Sounds like a great idea – but of course, it’s not that simple. Let’s look at the organic food sector, for example. We’ll leave aside for the moment the controversy over whether companies such as Daylesford are bad for local producers or not, or whether the organic movement is even sustainable, given that it takes up more precious resources, such as land and water, to yield a smaller number of crops.
Whatever the rights and wrongs, the population has bought into the organic story whole-heartedly, which should mean that as well as supporting a cause you believe in, an investor should be able to turn a tidy profit too.
The trouble is, everyone else thinks so too. And here’s where we run into the first problem with putting your investment money where your mouth is − you have to think about the investment angle as well as the ethical angle. And the consumer love affair with all things green has not gone unnoticed by the City and Wall Street.
For example, you can’t invest directly in Daylesford, which is privately owned, but you can buy shares in a similar US company, Whole Foods Market, which plans to open a massive store in High Street Kensington later this year.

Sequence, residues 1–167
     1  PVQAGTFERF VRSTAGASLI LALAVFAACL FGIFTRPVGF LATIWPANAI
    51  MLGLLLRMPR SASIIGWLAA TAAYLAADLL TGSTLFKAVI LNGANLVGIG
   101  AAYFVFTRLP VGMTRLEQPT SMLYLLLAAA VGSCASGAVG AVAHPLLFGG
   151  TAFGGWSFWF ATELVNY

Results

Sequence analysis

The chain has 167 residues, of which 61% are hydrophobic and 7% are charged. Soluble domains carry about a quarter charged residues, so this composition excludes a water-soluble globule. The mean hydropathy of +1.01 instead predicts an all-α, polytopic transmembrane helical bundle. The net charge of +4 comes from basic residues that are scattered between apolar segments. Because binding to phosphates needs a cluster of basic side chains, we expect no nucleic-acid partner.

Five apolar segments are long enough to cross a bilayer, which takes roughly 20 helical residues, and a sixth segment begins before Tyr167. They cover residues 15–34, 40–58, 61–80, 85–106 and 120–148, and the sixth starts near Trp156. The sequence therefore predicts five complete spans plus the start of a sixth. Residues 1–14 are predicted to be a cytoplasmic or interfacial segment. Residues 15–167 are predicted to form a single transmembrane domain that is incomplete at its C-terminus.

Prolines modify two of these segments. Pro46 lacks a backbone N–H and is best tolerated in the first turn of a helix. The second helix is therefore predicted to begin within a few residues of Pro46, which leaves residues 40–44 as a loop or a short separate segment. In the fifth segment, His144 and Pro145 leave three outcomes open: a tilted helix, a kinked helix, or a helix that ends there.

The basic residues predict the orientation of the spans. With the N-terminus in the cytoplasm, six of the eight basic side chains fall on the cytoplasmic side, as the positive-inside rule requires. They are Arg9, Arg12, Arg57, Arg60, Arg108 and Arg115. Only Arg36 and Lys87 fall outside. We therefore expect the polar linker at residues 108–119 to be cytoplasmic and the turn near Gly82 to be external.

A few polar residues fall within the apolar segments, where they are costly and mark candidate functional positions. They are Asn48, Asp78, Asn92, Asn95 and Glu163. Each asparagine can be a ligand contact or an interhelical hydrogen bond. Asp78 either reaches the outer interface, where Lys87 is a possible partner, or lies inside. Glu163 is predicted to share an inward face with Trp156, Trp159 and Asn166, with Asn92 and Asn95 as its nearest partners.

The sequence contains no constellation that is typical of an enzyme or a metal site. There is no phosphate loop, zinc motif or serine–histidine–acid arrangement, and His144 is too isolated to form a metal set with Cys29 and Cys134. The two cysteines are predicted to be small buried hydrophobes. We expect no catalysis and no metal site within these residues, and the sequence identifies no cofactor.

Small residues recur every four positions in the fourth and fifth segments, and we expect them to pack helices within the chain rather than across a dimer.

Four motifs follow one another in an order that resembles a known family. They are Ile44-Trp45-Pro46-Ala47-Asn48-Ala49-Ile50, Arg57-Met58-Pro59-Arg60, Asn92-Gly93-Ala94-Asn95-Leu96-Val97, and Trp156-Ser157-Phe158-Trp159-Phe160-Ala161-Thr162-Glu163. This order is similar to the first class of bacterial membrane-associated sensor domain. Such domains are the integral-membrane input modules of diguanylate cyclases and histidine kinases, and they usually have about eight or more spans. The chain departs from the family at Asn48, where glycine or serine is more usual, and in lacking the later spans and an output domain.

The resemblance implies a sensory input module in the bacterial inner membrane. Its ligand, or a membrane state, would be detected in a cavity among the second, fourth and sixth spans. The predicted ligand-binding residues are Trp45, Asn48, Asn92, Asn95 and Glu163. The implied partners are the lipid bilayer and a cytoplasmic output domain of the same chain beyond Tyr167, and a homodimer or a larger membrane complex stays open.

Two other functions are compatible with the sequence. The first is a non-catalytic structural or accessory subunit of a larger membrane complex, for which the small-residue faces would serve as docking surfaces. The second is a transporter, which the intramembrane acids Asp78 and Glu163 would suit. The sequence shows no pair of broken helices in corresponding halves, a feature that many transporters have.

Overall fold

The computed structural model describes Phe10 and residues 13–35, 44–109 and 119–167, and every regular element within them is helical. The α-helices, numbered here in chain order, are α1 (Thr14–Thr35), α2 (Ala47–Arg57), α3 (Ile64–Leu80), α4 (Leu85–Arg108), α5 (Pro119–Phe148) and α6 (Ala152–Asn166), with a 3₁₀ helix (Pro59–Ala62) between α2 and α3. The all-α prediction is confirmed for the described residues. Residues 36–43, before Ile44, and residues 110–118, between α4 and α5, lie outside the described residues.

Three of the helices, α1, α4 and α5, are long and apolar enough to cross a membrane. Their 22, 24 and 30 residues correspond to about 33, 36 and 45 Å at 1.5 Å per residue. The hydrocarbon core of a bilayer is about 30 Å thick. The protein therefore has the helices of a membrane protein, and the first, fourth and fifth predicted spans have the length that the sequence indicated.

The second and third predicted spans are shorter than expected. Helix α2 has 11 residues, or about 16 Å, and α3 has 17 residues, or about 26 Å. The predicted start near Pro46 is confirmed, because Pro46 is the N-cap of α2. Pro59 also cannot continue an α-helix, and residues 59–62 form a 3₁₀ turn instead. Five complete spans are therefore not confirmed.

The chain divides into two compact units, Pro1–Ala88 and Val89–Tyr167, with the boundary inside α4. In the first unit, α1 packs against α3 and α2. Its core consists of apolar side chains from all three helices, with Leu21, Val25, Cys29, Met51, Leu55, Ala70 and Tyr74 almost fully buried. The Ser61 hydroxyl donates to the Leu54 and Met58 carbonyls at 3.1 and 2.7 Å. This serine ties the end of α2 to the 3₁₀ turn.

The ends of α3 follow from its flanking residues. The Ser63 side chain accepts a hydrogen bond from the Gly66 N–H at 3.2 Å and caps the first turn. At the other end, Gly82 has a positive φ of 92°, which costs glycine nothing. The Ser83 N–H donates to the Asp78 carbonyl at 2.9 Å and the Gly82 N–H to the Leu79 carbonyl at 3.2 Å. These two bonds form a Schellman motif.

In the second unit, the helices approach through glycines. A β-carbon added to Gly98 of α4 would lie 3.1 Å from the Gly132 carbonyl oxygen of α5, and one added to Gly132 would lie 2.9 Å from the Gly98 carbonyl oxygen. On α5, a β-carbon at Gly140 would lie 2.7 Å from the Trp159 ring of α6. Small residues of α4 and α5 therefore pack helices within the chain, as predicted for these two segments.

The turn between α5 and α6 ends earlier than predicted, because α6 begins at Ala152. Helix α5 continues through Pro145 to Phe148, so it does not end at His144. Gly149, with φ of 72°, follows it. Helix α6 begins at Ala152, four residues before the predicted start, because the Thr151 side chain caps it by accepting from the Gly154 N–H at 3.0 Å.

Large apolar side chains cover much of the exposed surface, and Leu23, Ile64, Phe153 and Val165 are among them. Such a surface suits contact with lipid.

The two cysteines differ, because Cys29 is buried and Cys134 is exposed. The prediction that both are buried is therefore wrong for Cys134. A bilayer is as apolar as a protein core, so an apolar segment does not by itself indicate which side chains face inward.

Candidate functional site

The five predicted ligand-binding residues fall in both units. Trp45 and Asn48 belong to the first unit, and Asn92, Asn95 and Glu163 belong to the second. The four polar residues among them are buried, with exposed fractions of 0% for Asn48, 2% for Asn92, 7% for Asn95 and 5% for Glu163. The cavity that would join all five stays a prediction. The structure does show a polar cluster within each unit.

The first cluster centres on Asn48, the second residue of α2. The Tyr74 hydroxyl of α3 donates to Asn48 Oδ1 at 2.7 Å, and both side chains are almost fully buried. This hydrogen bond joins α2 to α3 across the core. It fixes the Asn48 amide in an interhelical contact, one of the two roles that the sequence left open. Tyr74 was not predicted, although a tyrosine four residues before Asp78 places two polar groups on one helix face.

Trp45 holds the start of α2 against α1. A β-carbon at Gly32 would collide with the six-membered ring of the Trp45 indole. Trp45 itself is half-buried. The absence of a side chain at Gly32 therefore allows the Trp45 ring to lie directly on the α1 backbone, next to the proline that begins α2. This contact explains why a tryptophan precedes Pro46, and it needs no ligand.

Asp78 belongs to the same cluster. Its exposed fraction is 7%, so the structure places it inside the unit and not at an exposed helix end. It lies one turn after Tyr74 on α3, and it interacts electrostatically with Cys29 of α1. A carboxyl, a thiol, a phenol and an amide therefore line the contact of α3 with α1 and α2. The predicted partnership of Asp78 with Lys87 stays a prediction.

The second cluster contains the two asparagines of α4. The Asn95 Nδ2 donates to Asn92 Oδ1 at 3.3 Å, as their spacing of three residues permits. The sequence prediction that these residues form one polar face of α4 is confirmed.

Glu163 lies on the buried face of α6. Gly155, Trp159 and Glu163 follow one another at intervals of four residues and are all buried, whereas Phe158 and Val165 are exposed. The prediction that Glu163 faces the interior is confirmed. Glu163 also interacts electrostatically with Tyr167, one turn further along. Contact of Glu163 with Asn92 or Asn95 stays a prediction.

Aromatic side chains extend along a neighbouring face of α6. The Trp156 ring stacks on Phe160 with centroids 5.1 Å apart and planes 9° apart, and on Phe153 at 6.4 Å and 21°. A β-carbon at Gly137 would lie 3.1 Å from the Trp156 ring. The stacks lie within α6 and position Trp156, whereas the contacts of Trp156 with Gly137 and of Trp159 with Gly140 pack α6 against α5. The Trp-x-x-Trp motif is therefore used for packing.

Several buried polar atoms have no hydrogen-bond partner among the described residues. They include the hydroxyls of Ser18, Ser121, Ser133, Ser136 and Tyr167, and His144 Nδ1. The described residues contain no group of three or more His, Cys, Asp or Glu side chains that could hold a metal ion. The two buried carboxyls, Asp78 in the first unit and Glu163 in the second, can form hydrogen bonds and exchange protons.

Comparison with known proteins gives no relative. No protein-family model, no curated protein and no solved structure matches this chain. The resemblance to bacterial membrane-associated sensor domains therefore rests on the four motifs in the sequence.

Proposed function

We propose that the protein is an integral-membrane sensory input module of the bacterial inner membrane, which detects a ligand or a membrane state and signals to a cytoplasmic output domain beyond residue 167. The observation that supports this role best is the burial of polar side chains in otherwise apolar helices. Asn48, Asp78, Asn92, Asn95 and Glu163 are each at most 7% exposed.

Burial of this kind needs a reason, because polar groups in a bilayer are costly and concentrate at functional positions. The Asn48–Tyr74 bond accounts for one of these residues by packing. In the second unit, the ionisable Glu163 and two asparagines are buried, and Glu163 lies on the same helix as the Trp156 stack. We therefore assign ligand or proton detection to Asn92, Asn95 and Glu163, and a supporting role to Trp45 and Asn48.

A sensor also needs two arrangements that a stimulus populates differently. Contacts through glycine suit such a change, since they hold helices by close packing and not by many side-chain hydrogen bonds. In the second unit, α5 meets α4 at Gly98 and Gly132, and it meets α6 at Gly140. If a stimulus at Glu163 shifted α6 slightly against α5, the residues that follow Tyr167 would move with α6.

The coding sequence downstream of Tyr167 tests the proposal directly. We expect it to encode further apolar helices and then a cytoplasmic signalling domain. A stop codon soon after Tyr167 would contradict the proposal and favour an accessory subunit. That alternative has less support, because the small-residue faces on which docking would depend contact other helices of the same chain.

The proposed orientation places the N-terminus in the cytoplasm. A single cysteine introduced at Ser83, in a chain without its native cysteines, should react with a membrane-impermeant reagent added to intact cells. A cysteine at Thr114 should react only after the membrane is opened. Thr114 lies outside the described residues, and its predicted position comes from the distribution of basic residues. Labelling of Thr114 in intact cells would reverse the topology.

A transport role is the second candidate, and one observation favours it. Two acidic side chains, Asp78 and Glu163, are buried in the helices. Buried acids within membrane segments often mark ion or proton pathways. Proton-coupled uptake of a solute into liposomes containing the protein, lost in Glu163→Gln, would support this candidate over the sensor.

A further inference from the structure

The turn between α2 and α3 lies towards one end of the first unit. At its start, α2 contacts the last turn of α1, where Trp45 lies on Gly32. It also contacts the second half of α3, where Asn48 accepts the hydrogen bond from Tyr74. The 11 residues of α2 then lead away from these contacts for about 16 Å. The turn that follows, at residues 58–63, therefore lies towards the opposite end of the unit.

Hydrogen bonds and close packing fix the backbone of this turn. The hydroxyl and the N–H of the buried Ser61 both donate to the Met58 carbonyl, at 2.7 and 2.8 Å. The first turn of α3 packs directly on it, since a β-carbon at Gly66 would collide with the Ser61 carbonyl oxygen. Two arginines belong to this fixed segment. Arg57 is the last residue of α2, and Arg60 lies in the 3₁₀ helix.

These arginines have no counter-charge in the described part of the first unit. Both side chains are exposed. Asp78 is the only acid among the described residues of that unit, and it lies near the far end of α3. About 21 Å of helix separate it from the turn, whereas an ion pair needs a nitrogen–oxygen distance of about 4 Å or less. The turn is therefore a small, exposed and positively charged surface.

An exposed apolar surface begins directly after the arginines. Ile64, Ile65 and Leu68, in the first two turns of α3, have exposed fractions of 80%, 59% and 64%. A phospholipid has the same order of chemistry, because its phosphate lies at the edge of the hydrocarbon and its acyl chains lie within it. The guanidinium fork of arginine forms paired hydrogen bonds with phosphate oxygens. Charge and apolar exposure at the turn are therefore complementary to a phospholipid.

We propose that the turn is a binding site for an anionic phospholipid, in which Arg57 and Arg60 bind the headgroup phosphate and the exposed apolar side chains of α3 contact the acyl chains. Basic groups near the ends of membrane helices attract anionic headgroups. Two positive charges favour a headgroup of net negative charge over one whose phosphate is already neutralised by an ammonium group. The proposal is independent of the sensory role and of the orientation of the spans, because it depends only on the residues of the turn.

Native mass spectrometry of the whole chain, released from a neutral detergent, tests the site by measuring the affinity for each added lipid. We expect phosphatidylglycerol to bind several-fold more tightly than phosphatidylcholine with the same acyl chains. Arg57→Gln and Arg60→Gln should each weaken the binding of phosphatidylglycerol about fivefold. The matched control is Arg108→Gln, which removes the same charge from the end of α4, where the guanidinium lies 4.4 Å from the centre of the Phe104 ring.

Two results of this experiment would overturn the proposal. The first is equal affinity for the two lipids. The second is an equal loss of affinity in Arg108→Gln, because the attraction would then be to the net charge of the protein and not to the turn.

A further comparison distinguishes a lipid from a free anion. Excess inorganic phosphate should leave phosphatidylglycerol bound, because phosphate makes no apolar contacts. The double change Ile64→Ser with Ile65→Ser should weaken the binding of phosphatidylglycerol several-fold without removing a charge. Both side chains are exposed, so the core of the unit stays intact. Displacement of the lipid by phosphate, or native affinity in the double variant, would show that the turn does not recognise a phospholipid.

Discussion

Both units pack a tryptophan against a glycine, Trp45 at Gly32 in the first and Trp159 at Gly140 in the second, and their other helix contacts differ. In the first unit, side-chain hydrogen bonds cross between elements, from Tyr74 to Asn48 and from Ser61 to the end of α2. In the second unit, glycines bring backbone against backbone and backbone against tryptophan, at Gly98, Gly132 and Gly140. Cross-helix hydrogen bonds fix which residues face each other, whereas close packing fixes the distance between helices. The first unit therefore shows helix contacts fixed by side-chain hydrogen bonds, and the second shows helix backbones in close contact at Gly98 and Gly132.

This organic supermarket arouses suspicion among the more anti-corporate elements of the green lobby − chief executive John Mackey has memorably compared unions to herpes − but its organic credentials are hard to attack, while despite the anti-union stance, workers are treated very well, with the highest-paid employee allowed to earn no more than nineteen times what the lowest-earning employee gets.
Business has been booming − and if you’d invested in the shares ten years ago, when organic food was still vaguely alternative, you’d have made well over ten times your original stake by now.
But those kinds of returns don’t go unnoticed for long − investors have piled into Whole Foods Market and the shares now look rather expensive. And when consumers take to a story the way that we and the Americans have taken to the organic story, it’s not long before even the most cynical competitor realises they’d better jump on board.